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The Student News Site of Sacramento City College

The Express

The Student News Site of Sacramento City College

The Express

Thrust into leadership: Student Senate president Marianna Sousa reflects on challenges old and new

For a more complete version of Marianna Sousa’s remarks, see


Student Senate President Marianna Sousa reflects on challenges old and new going into the Spring semester at City College.
Student Senate President Marianna Sousa reflects on challenges old and new going into the Spring semester at City College.

You were pretty busy last semester with everything going on.

How did you know?


What was the biggest challenge you faced as a result of the shooting?

When I first came into this position, I was so focused on just learning the basics: learning how to run a meeting, learning how to create relationships with the board, learning how to execute. And then, boom! [The shooting] happened out of the blue.

It just pumped a lot of fear into people I didn’t realize, until that happened how many people suffer from PTSD [post-traumatic stress disorder], how many people have been in random acts of violence. It really surfaced uncertainty for students, because it gave us the opportunity to see that there are some things we need to tighten up on.

So we stewed in that and allowed the family to mourn. … I had to really sit back and say, “I can’t just let this die down. I can’t let this simmer in fear and just evaporate into the universe,” So I came up with the idea to create Safety Awareness & Crisis Prevention Day.

When did you find out about President Kathryn Jeffery leaving to take a new position in Santa Monica?

She told me a couple of weeks ago. It’s been a really great honor and privilege to watch how she conducts herself in every way. She’s just a really well-balanced leader overall; she just exemplifies positive leadership. I know wherever [President Jeffery is] headed to, she’s going to do great things.

Can you describe working with President Jeffery?
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One thing I noticed about Dr. Jeffery is that she has a unique balance of grace, but she’s assertive in the way that she knows how to take charge and lead. That’s a very interesting way to temper leadership because sometimes when you’re too graceful, people think they can run over you. And when you’re too abrasive or too assertive, people can be put off.

The way she keeps the focus there and quality in serving all the students, she’s very good at making sure we represent not just the students who look like me, not just the students who look like a certain group or certain age, but every single student on the campus. That was one of her first statements to me in our first meeting, and it was one of the strongest pieces of advice she gave me because now, when I step in my role, it’s to make sure to look out for everyone, even the voiceless students.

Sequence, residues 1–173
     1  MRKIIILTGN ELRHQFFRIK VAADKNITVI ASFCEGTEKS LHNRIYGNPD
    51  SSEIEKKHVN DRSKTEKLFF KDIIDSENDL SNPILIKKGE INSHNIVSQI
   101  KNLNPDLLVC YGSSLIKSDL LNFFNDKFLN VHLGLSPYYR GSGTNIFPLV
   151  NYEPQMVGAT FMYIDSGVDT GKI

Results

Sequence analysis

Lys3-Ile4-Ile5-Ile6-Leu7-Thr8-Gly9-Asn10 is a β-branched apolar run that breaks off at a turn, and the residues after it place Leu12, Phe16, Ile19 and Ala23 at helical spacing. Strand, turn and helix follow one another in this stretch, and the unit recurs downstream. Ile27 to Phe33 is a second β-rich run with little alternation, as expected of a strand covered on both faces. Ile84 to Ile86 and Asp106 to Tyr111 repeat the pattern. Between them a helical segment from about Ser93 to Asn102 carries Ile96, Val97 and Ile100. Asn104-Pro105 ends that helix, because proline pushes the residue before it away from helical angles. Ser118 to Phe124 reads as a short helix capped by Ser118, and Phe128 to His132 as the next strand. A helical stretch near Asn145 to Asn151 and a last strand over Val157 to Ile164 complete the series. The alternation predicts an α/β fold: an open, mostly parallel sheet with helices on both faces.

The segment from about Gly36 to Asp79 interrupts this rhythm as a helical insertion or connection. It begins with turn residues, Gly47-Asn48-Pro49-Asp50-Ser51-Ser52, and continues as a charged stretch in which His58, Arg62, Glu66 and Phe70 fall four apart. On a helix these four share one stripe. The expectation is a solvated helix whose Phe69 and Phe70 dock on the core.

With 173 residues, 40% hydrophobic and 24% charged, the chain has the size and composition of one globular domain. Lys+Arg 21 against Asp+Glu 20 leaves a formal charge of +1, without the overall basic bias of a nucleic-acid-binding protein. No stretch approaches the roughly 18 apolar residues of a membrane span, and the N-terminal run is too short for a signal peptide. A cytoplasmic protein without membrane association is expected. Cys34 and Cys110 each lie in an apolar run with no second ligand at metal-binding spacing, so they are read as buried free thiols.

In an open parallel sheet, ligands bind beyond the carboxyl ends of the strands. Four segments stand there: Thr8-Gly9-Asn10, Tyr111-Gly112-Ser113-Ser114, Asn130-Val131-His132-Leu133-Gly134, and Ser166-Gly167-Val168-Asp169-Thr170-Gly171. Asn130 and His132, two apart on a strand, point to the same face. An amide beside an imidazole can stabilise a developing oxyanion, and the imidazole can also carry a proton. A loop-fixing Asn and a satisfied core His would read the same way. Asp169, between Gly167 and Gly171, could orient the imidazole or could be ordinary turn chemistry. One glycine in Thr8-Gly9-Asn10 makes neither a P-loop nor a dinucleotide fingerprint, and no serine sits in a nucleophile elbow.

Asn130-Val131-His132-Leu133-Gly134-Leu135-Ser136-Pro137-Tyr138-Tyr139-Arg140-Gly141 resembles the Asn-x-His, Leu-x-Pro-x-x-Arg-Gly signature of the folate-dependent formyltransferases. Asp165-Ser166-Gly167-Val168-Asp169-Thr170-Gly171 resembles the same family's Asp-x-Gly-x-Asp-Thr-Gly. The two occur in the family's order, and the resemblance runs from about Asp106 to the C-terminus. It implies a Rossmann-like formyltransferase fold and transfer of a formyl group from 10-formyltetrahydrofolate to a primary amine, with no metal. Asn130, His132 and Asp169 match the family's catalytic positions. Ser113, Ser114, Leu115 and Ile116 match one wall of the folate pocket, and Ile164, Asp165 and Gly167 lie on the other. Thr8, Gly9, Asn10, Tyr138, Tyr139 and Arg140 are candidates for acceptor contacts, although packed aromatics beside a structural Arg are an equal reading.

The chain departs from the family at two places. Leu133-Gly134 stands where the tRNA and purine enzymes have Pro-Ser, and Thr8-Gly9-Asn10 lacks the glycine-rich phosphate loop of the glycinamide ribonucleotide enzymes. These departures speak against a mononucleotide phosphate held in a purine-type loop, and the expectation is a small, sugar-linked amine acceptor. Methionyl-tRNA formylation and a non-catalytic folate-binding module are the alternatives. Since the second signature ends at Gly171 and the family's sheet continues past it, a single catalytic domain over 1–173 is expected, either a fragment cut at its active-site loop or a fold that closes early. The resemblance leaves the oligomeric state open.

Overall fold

What do you expect for this upcoming semester?

So the game plan for me after speaking to my adviser Kim Beyer — who’s great — and some of my mentors … was to just learn the job. I think leaders and activists, we get really excited, and sometimes we jump in and spread ourselves really thin.

So the goal for the first semester … was to learn the role, learn my part, work with my V.P. [Vice President], Ansel Chan, who’s excellent at just being thorough and calm and consistent even, when you have nerves and you’re trying to figure out what to do. Learning to work with the different people on the board who have the wisdom and have the experience, but also trust my brand of leadership — that to me was the priority.

Now round two, spring semester, it’s about executing, It’s about creating the events, and it’s about actually getting in and making the connections to provide more for the students.

How do you expect the rest of your term to go?

I’m pretty confident. I think at this point the nervousness and some of the jitters [were] definitely [there] early on in the game, but I’m comfortable now.

At this point, I can run a meeting without feeling like I’m going to miss something or skip over someone. I have a strong enough team that even when we do make mistakes, we stand corrected in grace, and we work together to work through the kinks.

I feel one hundred percent more confident — I already was confident; I’m a confident young lady as it is — but there’s one thing to be confident and know that you can always stand in the space of learning and growing. I’d also like to put it out there that … we’re seeking people to get heavily involved in student government and take up some senator positions.

Do you have any advice for incoming students and aspiring student leaders?

Join Student Senate. If you are a student, faculty member or admin that either gets into leadership, supports leadership or advocates for leadership, there is no reason why you should not be taking a trip up to SOG [South Gymnasium] 226 on campus, because we have roles and opportunities here.

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